A glance at World’s Poverty and Inequality (2/3)

The previous post stressed how high global inequality is nowadays. An important question to ask is: How are these figures evolving over time? Are things going better or is the situation worsening? It is in fact impossible to answer categorically to this last question. Even though we hear a lot that “inequality is growing”, a major fact is going against this impression: the strong economic growth of a few heavily populated emerging countries (China, India, Brazil, etc.).

If we consider the past evolution of global relative inequality (using as an indicator the factor between the mean revenue of the 10% poorest agents of a population and the mean revenue of the 10% richest), the major fact was that it started increasing since the beginning of the industrial revolution, at the beginning of the XIXth century. The countries experiencing this revolution (Western countries at first) saw part of their population enhance considerably their revenues. This rise in global inequality experienced a 15 year pause after WWII (redistribution programs in rich countries, spread of communism among other countries) but restarted shortly after. This trend of global inequality increase was reversed 20 years ago. The growth of heavily populated emerging countries, mainly in Asia, raised the revenue of their poor population. We are therefore witnessing currently a significant global inequality decrease.

Nevertheless, this does not mean that claiming inequality is growing is false. Indeed, not all poor countries experience economic growth. If we look at inter-country inequality (inequality between the mean revenue of different countries), the difference in revenue continues to increase between the 10 countries with highest revenues and the 10 countries with lowest revenue. Those poor countries (mainly in Africa) experienced a mean economic growth of 0.3% during the 30 last years while this growth was of about 2% for the rich countries and even more for emerging countries (China 8%, India 4%,…). The contradiction of a higher inter-country inequality and lower global inequality is due to the very large population some emerging countries have. If all the poor countries followed the path of emerging countries, inter-country inequality would decrease. Whether or not this will happen depends on the reunion (or not) of the conditions favouring economic growth in poor countries.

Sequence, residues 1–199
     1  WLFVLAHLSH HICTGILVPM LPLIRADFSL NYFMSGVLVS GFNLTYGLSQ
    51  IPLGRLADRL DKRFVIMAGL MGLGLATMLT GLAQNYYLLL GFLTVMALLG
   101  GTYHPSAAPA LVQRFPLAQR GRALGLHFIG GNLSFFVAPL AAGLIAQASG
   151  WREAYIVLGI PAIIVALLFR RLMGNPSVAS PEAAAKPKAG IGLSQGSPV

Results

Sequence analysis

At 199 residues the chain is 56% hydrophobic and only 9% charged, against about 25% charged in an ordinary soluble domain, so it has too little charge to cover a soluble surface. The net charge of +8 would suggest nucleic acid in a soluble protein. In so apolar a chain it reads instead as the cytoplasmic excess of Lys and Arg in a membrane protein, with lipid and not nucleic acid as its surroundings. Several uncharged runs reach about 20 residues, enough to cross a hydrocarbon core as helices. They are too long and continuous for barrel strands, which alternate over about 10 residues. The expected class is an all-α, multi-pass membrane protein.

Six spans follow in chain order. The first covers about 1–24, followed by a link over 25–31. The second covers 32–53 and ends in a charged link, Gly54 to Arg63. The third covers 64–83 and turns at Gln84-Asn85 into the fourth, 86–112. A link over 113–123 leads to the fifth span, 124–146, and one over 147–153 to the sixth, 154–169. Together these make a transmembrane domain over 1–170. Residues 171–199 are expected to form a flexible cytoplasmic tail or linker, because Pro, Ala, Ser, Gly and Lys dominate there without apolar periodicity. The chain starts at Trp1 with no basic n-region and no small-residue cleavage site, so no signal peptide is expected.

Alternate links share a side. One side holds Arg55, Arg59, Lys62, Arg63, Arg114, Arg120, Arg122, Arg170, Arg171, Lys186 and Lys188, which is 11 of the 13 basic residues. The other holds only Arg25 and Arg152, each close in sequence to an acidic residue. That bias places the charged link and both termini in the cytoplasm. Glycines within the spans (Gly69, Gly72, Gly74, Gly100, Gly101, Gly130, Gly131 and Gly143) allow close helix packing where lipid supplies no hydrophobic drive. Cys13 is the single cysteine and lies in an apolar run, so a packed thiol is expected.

Note that if this factor (relative revenues) decreased during the past 20 years, it does not mean that absolute revenue difference did so. The absolute difference between the poorest 10% and richest 10% increased by 6000€ during the same period.

Finally, if we look at the evolution through time of intra-country inequality (inequality a country experience in its own population), the following pattern emerges: After the start of the process of industrialisation, intra-inequality in Western countries started to rise. This trend was reversed after WWII (for the reasons given above) but after a stable period lasting until 1980, intra-country inequality started to rise again. Even though it has not yet attained the level it had before WWI, this inequality is accelerating. If this pattern would continue, intra-country inequality could at some point threaten civil peace.

Based on those observations it is not impossible to imagine a future where most inter-country inequality would disappear and intra-country inequality would be high. F. Bourguignon calls this evolution an “internalisation” of global inequality.

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